(Headline USA) After having already cleared the way for Russia to construct its controversial Nord Stream II pipeline in the Baltic region, President Joe Biden and his administration now aim to keep it from delivering any natural gas to Europe until Russia backs off its buildup on the Ukrainian border.
The pipeline is now built and being filled with natural gas. But it faces a rocky road before any gas flows to Germany, with its new leaders adopting a more skeptical tone toward the project and tensions ratcheting up over Russia’s troop buildup at the Ukrainian border.
The pipeline—opposed by Ukraine, Poland and, to a small extent, the U.S.—awaits approval from Germany and the European Union to bypass other countries and start bringing natural gas directly to Europe.
The continent is struggling with a shortage that has sent prices surging, fueling inflation and raising fears about what would come next if gas supplies become critically low.
The U.S. has stressed targeting Nord Stream 2 as a way to counter any new Russian military move against Ukraine, and the project already faces legal and bureaucratic hurdles.
As European and U.S. leaders confer on how to deal with Russia’s pressure on Ukraine, persistent political objections—particularly from EU members like Poland—add another challenge to one of Russian President Vladimir Putin‘s key projects.
Former German Chancellor Angela Merkel backed the pipeline, and the country’s new leader, Olaf Scholz, did so as her finance minister.
But Scholz’s new government took a more distanced tone after the Greens party joined the governing coalition. The Greens’ campaign position was that the fossil-fuel pipeline doesn’t help fight global warming and undermines strategic EU interests.
Top German officials, including Foreign Minister Annalena Baerbock, have said the project doesn’t meet EU anti-monopoly regulations.
“Nord Stream 2 was a geopolitical mistake,” Habeck recently told the newspaper Frankfurter Allgemeine Sonntagszeitung. “The question is open if it will be able to start operating,” adding that further “aggression” meant “nothing is off the table.”
As chancellor, Scholz has been cautious in his comments, and it’s not clear if he’s willing to go as far as U.S. Secretary of State Antony Blinken, who has said it’s “very unlikely” that gas will flow if Russia “renewed its aggression” toward Ukraine.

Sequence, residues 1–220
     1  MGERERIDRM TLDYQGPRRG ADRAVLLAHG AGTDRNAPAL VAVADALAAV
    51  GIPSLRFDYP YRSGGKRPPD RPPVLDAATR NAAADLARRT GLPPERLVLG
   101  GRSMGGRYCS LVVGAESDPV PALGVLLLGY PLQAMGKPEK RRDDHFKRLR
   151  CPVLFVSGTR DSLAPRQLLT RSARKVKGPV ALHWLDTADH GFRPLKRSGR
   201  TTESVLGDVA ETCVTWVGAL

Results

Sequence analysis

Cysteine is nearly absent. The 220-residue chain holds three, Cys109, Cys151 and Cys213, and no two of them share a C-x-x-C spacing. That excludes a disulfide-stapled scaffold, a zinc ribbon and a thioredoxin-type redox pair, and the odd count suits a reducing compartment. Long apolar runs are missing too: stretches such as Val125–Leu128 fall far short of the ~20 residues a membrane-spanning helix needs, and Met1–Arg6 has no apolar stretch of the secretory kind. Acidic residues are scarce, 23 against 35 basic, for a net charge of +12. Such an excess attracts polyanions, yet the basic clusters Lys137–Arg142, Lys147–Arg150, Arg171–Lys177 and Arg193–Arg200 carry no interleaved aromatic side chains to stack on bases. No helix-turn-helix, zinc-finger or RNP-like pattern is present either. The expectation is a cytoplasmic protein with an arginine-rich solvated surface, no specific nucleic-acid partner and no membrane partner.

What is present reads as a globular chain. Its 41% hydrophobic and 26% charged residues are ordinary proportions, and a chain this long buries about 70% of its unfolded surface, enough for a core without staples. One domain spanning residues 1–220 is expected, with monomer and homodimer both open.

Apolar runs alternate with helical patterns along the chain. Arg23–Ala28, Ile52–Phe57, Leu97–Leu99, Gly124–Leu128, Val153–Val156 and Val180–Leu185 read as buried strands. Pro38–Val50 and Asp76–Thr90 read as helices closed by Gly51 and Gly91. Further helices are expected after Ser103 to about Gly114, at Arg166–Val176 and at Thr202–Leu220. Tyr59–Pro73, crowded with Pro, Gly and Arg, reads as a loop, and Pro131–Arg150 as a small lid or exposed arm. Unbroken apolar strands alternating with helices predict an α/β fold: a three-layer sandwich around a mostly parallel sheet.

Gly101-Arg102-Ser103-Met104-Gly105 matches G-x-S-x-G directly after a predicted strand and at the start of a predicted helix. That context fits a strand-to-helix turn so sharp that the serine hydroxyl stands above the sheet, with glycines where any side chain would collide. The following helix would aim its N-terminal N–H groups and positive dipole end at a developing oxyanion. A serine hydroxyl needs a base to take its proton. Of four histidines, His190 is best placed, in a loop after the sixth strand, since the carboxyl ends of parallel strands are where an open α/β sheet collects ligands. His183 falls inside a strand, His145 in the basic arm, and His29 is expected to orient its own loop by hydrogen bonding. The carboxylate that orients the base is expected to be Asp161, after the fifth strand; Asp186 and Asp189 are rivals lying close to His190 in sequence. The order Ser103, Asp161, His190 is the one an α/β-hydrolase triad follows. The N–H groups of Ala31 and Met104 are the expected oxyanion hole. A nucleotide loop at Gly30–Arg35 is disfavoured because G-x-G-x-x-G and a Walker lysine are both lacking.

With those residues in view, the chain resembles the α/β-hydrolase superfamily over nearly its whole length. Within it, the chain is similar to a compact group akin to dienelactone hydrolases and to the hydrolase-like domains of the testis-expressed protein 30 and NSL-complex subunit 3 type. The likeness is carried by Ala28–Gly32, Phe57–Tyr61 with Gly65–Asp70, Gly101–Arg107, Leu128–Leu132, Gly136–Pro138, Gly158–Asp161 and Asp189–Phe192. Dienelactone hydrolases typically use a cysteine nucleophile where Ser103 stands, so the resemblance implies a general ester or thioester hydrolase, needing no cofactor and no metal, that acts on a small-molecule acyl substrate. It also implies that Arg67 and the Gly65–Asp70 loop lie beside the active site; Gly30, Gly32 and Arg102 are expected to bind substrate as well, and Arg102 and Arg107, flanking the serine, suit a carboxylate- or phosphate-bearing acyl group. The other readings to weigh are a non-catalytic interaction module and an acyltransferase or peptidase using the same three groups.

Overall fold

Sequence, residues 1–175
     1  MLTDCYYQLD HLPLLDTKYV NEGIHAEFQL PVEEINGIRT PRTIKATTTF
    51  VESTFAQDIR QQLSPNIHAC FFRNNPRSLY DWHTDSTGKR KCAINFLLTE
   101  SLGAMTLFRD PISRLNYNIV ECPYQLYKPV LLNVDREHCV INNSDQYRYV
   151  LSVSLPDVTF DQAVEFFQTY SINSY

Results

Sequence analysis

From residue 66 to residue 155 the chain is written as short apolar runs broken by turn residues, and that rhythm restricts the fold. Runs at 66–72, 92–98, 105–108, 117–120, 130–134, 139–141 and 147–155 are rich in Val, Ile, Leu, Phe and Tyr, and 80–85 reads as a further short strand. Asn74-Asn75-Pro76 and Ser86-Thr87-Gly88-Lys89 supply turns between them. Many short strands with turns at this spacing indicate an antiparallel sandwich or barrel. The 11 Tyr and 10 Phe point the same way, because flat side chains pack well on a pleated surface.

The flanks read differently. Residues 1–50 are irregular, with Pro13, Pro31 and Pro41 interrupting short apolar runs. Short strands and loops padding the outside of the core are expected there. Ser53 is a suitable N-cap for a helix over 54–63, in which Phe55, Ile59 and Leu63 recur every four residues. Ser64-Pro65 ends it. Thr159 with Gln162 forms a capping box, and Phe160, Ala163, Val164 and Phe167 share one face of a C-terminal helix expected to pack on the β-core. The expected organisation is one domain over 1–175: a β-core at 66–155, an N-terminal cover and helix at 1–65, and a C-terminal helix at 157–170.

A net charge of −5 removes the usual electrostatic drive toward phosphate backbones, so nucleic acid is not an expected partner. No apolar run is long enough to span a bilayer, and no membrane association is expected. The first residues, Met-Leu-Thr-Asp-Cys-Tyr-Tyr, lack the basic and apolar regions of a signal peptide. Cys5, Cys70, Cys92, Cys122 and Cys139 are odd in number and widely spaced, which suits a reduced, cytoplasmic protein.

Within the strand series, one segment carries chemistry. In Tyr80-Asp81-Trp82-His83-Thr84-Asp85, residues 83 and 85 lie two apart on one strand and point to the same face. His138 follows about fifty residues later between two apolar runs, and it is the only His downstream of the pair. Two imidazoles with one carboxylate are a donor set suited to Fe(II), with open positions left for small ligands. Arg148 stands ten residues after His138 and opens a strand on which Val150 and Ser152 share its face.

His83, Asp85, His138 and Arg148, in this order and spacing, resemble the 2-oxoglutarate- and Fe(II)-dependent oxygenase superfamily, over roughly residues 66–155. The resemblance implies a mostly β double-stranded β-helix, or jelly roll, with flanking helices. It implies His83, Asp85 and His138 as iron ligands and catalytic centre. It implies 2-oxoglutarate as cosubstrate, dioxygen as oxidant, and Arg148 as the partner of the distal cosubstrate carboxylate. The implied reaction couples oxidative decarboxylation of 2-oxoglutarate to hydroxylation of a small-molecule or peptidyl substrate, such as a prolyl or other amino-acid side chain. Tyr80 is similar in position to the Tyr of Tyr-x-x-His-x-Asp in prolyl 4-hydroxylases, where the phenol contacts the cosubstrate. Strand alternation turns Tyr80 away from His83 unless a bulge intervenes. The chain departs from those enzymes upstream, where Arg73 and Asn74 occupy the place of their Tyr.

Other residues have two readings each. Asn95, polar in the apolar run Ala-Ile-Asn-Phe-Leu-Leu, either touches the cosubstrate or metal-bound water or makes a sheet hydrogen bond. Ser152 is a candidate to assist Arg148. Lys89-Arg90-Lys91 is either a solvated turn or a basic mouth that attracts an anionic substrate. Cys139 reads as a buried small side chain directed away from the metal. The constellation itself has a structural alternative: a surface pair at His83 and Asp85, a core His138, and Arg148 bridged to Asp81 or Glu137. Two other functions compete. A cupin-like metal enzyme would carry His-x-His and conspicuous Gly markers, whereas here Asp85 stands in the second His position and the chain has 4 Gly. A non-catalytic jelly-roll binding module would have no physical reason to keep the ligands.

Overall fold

Pressed on whether an invasion would halt the pipeline, deputy German government spokesman Wolfgang Buechner said Nord Stream 2 is “an undertaking of a private business that is largely completed” and that regulatory approval “has no political dimension.” He but stressed that military aggression would have “high costs and sanctions.”
Scholz “never makes things completely clear,” said Stefan Meister, an expert on Russian energy policy at the German Council on Foreign Relations. “So I am not sure under which conditions he would really agree to stop the pipeline.”
Still, Meister said, there was “a new tone, a new rhetoric from the new German government.”
The pipeline would double the volume of gas pumped by Russian-controlled gas giant Gazprom directly to Germany, adding to a similar pipeline under the Baltic Sea and circumventing existing links through Poland and Ukraine.
The standoff thrusts back into the spotlight many of the issues that arose during last year’s Burisma scandal, in which Democrats sought to impeach then-President Donald Trump for calling on Ukraine to reopen a corruption investigation that encircled the Biden family.
Hunter Biden previously noted that Russia’s destabilization of the European natural gas market through the pipeline may benefit Burisma by eliminating prospective competitors like BP.
“Burisma has an opportunity here to play the hero if it ignores the artificial market value of their product and plays to the national interest,” he wrote in a 2014 email.